In accordance with this invention, specific anchor structure is not provided at the ends of these elastic resistance elements, such as in the hand/wrist areas or the ankle/foot areas. Preferably, no specific anchor structure is provided, instead, the garments are formed in such a manner as to permit slippage of the garment during the exercise, but retard the elastic resistance elements from complete or unrestricted slippage.
Such types of retarding structure could be to make use of compression or drag resistance such as by a cork screw pattern. The general drag or friction could result from the material itself, or from the fit of the material on the garment. Such drag can be either from the base material or from the elastic resistance bands or from a combination of both.
Structural characteristics could be used to provide the retarding effect at enlarged parts of the limbs, such as at the joint areas including the calf, waist, knees, thighs, hips, shoulders, elbow, ankles and forearm. An example of such structural characteristics would be a narrowing of the garment at those areas so that there would be a tendency to drag or snag the garment in the narrow area during sliding movement of the garment while the user performs the exercise. A further example of retarding could be from cuffs in the form of cuffs in the form of compression bands or friction rings.
The invention could be practiced with compression/tight fitting garments or with loose fitting garments such as sweat suits. Preferably the invention is practiced with such loose fitting garments which could be regular sweat suits, pants, shirts, tee-shirts, jerseys, etc. In this way, the traditional loose-fitting work-out garments could be modified by simply adding the resistance bands to produce an exercise, training, weight-loss, aerobic, strength and toning effect.
FIG. 1 illustrates an energy expenditure garment 10 which is constructed generally along the lines of the aforenoted patents and applications, all of the details of which are incorporated herein by reference thereto.
Garment 10 is made of a base fabric 12 which may be either loose fitting or tight fitting. Elastic resistance bands 14, 16, 18 and 22 are secured preferably as panels integral with base fabric 12 in any suitable manner as is disclosed in the aforenoted patent and applications. Garment 10 may be a one-piece suit or a two-piece suit. Garment 10 would include a upper body or shirt portion 24 and a pants portion 26.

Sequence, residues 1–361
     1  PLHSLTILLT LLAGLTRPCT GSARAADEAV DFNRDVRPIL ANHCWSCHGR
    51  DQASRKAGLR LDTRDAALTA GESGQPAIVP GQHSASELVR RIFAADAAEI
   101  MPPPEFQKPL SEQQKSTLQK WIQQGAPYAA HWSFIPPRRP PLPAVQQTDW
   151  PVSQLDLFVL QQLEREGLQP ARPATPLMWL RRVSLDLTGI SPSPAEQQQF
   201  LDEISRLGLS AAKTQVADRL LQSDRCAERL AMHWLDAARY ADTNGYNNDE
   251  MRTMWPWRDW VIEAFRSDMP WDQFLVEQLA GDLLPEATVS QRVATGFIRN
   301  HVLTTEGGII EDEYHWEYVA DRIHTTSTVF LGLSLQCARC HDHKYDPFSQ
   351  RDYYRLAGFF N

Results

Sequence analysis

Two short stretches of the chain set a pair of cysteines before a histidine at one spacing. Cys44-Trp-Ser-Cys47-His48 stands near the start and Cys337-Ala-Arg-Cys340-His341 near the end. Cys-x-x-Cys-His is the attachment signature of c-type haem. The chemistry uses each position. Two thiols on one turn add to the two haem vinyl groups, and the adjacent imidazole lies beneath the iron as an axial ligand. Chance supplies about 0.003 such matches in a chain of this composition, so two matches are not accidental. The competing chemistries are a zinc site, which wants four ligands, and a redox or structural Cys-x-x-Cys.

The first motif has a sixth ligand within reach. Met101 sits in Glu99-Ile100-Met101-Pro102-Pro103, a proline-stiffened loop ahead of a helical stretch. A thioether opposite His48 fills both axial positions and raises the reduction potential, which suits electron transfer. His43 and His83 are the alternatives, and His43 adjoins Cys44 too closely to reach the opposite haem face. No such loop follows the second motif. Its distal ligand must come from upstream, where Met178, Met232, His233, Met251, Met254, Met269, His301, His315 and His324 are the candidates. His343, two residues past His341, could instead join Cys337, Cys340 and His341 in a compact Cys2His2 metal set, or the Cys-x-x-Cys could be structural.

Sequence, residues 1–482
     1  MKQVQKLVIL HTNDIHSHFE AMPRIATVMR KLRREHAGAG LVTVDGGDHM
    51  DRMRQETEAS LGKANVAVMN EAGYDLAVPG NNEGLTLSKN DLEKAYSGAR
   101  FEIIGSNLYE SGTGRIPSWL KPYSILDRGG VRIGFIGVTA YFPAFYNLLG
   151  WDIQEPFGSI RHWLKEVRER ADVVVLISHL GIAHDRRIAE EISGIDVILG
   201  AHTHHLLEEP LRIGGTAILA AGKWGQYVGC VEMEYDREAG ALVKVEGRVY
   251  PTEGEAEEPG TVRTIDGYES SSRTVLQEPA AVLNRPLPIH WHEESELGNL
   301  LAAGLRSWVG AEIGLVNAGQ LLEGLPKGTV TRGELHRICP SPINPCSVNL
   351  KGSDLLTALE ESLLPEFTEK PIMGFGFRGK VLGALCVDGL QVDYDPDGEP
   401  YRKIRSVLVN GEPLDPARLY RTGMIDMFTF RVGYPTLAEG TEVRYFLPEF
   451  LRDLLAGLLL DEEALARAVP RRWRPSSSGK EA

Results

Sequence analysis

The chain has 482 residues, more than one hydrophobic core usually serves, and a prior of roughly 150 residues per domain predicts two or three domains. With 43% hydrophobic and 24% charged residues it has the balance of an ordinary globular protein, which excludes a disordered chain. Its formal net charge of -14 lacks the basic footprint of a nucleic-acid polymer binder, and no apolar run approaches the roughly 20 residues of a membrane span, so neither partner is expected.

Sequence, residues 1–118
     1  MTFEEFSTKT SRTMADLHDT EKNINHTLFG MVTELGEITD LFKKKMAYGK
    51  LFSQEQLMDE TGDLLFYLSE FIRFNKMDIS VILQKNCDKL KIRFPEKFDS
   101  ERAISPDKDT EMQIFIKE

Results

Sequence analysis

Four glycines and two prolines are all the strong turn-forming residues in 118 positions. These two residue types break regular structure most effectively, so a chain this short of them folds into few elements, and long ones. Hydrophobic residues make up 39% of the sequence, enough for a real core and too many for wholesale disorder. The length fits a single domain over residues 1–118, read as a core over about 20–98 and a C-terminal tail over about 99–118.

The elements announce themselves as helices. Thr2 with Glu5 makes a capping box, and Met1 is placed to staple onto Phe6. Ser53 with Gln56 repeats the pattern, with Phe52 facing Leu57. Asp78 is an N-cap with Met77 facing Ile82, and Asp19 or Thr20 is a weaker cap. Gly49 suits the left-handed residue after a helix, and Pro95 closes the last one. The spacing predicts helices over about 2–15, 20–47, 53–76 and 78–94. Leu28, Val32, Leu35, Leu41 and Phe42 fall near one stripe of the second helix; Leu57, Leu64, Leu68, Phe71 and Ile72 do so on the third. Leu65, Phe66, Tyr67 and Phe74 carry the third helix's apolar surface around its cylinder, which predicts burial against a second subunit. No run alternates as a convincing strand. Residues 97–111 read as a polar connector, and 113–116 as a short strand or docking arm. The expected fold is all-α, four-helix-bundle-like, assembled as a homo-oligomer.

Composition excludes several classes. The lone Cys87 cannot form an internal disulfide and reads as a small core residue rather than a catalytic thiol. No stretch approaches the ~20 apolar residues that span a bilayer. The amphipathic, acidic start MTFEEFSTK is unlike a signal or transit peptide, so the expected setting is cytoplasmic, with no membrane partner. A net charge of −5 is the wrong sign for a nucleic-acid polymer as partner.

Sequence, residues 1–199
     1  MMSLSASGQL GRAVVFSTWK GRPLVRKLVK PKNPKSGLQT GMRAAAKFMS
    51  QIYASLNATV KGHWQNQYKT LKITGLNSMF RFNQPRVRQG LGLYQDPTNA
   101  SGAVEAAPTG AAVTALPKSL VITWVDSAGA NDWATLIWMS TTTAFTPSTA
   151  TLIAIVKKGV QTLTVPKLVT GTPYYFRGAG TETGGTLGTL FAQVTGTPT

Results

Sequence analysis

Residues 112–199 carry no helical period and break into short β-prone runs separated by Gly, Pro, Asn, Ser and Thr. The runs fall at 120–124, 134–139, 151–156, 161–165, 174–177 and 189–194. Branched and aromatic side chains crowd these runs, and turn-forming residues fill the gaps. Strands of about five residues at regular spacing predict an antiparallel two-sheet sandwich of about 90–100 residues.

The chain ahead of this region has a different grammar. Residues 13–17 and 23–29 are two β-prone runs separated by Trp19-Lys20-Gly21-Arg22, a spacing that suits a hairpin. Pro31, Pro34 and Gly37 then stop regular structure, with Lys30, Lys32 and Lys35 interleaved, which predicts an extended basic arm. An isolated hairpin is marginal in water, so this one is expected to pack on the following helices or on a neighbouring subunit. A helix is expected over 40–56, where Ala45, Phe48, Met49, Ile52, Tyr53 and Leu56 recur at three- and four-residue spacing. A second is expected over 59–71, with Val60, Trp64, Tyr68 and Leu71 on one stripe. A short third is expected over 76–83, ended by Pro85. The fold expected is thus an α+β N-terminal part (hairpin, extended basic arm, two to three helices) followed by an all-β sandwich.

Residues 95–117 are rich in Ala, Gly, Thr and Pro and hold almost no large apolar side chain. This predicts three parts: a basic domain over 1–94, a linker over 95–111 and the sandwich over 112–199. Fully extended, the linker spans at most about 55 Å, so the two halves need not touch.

Where garment 10 is a loose fitting garment, band 14 which extends across the front of the garment may be of, for example, 18% LYCRA. A similar band may be along the back of the garment. Where the base fabric itself is tight fitting, it is not necessary to have separate torso banding such as band 14, since the tight fitting base fabric itself may be of 18% lycra. Similarly, where the base fabric is tight fitting, the elastic resistance band 18 may also be omitted from the pants section. A general difference between the base fabric and the elastic resistance elements is that a greater force is required to stretch the elastic resistance elements and to restrain the elastic elements from returning to their original unstretched condition than would be required for the base fabric. Where there is no specific banding on the tight fitting base fabric, elastic resistance cuffs or friction rings 16, 16 will create resistance in the whole garment.
Each elastic resistance friction ring is preferably made with a plurality of raised ribs which are 27% nylon/lycra with the intermediate portions of the friction or compression rings being made of 18% nylon/lycra which is the same as the base fabric. Accordingly, the ribs are the elastic resistance elements which offer greater resistance than the intermediate sections of the friction or compression rings and more resistance than the base fabric.
Rings 20, 22 would have the same structure as rings 16 and could be provided at suitable locations on the legs remote from the ankles in the pants 26.
FIG. 1A shows, in an enlarged view, an alternate structure which may be incorporated in the friction rings 16, 20, 22. In order to provide a tighter fit at the friction rings, each friction ring would include a flap 28 and a buckle 30 so that the circumference of each ring could be adjusted by being made larger or smaller.
Where bands 14, 18 are included, the bands may be secured to the various rings or may simply be secured at their ends to the base fabric. As illustrated however, there is no anchoring at the hand/wrist or feet/ankles as had been generally done. Instead, the pant legs or shirt sleeves are permitted to slide, but the sliding is retarded by the friction resulting from the compression rings or cuffs.